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MR. HEMMER: Demcratic Congressman Bill Pascrell, member of the House Ways and Means Committee, with me now. Sir, good morning to you up on the Hill.
REP. PASCRELL: Good morning, Bill.
MR. HEMMER: Why the heat from Democrats on this?
REP. PASRELL: Well, I think that we have a great package in front of us. There'll be some changes between now and the time we vote on it. There are three major areas in this stimulus package. And that is investment in the infrastructure -- we need to do that to get more people to work; this is the best way to do it -- secondly, to have middle class tax cuts -- because no group has been more affected by this downturn in the economy over the last five, six years than the middle class; and thirdly, those people who are out of work, we got to follow up and support them in terms of their healthcare whether they're unemployed or underemployed.
So there are three major areas that the Obama team has addressed. They're going to have to do some changing after their meeting. And we started those meetings last week. We had meetings yesterday. I just left a meeting, and I'm going to go back to it after I speak to you, Bill. I'm very confident that we will have a bipartisan package by next week.
MR. HEMMER: Wow. A bipartisan package by next week, which would be --
REP. PASCRELL: Yes.
MR. HEMMER: -- even quicker than the incoming administration had expected.
REP. PASCRELL: (Inaudible.)
MR. HEMMER: Let me give you that deadline in a moment here, but I just want to focus on the tax credits a second. I know you're on the House side, but on the Senate side, I heard Democratic senators come out of this finance committee meeting, one after the other after the other, saying it's a bad idea.
So are some Demcorats in Congress already turning on the new president before he even takes office?
REP. PASCRELL: No, that's not the case. I think, you know, we're not going to rubber stamp anything. And I think that whether you're in the Senate side or the House side, back in -- we've had other plans like this to provide $3,000 credit if you hire a new employee.
I don't really think that's the most effective way to stimulate the economy. There are other ways we can do this. That's what we're discussing right now. But there's certainly cohesiveness, and many, many Republicans have come forward. They know we're in serious trouble. These job numbers this morning simply are supportive of any major stimulus package that we will put forth over the next several weeks.
MR. HEMMER: And that may in the end buffer your argument.
Back to the deadline, if I could, why are you so optimistic --
REP. PASCRELL: Yes.
MR. HEMMER: -- this thing will be -- get done in a week?
REP. PASCRELL: Because the situation is very dangerous, and it does not look like it's going to get any better soon. So we have to address this. There is a place for government when there is a serious economic -- this is a homeland security issue. If we don't get our economics, our finances in order, we're going to have more problems in terms of the international market and in terms of the world market. We need to do this as soon as possible. This is not a knee-jerk reaction.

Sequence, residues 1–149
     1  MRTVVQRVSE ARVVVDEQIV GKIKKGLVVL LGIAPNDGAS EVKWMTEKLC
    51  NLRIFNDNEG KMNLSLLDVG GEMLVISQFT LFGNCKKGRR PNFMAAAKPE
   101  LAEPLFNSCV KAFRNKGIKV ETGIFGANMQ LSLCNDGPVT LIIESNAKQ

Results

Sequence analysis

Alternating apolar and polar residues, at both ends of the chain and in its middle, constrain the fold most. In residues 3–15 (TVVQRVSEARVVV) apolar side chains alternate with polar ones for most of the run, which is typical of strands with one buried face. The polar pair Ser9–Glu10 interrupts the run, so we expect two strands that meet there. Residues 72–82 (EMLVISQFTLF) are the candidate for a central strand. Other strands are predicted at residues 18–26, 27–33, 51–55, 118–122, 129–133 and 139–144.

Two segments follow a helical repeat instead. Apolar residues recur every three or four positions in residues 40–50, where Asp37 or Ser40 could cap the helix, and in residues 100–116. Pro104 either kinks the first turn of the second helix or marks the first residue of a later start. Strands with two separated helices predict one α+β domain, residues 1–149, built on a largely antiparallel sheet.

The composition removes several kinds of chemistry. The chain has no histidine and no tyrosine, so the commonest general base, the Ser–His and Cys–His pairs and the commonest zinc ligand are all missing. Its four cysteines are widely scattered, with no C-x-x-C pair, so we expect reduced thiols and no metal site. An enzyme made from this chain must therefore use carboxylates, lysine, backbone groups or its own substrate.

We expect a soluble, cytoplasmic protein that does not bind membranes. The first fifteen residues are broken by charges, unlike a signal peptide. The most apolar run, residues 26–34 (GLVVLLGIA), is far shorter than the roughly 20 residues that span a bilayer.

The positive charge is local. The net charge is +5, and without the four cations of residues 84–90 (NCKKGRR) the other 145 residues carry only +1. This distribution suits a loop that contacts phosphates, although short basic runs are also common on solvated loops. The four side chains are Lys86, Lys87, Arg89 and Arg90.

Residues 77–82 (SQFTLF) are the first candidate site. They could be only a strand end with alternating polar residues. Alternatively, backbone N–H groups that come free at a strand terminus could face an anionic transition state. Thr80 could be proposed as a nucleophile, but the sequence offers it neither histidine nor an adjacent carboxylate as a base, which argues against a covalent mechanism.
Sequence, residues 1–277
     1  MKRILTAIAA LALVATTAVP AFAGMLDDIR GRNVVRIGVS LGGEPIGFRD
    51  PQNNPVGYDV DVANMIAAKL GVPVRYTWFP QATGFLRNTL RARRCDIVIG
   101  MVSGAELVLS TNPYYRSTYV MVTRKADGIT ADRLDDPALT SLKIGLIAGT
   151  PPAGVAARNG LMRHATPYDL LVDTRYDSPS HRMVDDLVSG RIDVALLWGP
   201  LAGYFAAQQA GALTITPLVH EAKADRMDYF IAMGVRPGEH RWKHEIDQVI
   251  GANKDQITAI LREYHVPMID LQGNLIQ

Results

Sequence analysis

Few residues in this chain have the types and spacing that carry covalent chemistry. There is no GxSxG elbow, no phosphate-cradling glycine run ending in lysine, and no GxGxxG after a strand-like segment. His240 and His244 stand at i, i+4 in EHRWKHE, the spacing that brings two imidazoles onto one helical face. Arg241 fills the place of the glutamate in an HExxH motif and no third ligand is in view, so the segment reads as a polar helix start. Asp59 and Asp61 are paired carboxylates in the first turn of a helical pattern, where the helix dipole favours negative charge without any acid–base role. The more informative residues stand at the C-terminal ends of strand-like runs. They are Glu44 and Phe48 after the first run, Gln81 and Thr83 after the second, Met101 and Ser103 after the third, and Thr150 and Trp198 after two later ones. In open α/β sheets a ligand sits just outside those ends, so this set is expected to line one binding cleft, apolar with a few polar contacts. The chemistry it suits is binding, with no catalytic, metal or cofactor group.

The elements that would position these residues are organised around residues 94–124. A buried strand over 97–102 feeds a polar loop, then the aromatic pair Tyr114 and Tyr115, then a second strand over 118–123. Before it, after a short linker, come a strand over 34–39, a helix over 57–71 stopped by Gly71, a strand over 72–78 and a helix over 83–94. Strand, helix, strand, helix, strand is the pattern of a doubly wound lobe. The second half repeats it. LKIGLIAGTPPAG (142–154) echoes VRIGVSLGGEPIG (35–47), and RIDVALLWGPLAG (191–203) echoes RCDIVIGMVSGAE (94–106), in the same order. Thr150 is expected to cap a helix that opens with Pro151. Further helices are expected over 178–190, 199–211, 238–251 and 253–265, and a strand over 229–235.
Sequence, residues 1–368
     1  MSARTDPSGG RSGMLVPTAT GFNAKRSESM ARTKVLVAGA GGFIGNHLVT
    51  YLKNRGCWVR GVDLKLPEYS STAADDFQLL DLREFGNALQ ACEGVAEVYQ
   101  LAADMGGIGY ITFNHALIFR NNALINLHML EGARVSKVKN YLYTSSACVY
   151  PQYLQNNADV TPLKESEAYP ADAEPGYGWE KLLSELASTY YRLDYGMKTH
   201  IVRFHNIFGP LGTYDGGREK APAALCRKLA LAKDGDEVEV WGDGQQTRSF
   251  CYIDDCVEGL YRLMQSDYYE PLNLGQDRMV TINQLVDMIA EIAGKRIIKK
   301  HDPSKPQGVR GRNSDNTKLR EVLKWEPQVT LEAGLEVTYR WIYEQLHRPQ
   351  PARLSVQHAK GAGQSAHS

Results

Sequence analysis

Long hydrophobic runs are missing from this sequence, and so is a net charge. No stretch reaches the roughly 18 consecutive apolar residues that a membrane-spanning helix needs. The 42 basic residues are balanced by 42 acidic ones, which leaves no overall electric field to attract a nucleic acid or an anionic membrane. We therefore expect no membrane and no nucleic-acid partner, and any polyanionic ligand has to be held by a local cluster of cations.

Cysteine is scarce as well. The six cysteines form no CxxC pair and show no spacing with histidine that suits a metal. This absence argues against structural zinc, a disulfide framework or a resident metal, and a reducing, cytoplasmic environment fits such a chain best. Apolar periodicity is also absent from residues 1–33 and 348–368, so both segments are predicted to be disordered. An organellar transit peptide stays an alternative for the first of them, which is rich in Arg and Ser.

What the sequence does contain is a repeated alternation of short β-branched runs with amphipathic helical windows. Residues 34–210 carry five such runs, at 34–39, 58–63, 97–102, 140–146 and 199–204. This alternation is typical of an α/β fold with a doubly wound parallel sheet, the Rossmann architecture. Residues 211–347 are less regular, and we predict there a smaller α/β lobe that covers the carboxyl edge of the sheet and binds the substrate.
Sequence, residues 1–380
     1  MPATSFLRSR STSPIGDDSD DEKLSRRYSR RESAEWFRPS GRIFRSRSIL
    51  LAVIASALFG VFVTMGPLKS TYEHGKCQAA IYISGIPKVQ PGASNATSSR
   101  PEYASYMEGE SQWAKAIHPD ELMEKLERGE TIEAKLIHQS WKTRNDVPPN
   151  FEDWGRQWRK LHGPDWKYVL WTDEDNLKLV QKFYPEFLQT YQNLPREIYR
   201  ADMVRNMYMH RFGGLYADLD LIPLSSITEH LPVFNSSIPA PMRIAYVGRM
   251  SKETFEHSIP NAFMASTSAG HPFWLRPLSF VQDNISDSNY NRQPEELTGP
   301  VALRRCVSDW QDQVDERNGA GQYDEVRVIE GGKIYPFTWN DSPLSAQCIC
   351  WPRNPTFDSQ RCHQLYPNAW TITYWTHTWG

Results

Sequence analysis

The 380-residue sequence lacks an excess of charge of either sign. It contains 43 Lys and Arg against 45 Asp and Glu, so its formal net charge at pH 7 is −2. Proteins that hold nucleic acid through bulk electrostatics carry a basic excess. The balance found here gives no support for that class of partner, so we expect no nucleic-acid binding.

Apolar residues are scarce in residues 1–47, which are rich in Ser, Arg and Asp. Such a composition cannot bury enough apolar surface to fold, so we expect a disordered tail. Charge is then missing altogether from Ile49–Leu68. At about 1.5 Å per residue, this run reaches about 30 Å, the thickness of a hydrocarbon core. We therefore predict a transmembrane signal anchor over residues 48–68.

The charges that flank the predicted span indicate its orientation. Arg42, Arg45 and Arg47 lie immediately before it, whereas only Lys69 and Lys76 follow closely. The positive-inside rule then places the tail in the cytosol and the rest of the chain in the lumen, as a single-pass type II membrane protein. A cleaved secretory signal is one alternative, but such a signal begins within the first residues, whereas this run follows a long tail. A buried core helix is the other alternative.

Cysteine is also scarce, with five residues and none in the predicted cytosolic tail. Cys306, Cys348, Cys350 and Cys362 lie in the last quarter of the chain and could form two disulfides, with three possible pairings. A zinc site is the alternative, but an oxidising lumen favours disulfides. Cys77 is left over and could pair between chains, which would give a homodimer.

MR. HEMMER: You know the -- you know the heat members of Congress are taking for the bailout plan that was passed in the Fall. And some --
REP. PASCRELL: Yes.
MR. HEMMER: -- are now saying that there was no proper allocation for the money, you did not know where it was going, it went too quickly.
Did Congress get burned a little bit like that? I mean, was there a lesson --
REP. PASCRELL: I think it --
MR. HEMMER: -- learned? And If so, if that lesson was learned in the Fall, it may give members of your body a bit of hesitation to move quickly now.
REP. PASCRELL: There's not question about that, Bill. You've hit the nail right on the head. Secretary Paulson, I think, overextended, but he was trying to get something done in the view of that crisis.
It didn't just happen overnight, didn't happen on September the 15th. This was coming for two or three years. We tried to point that out, many of us on both sides of the aisle, in fact. But obviously the administration was not listening. If you look at the GAO report today in regards to --
MR. HEMMER: But both sides voted for that thing to get it passed. My point simply is did you get burned a little bit.
REP. PASCRELL: We had a majority -- this is how the administration put it in front of us. We voted on it. We're responsible for our votes. There weren't enough strings attached, obviously. The GAO report this morning says that we have not put enough regulations or standards or oversight in order. And I think that's what Congressman Barney Frank --
MR. HEMMER: And that is -- that is a --
REP. PASCRELL: -- Chairman Frank is going to be doing by next Thursday. We need to do this.
MR. HEMMER: -- that's a pledge by the incoming administration. Sir, thank you for your time. We'll talk again, all right?
REP. PASCRELL: Yeah. Nice talking to you.
MR. HEMMER: You're optimistic it will be passed in a week.
REP. PASCRELL: Yes, I am.
MR. HEMMER: You got it. Nice to see you, too, on the Hill.
REP. PASCRELL: Bye bye.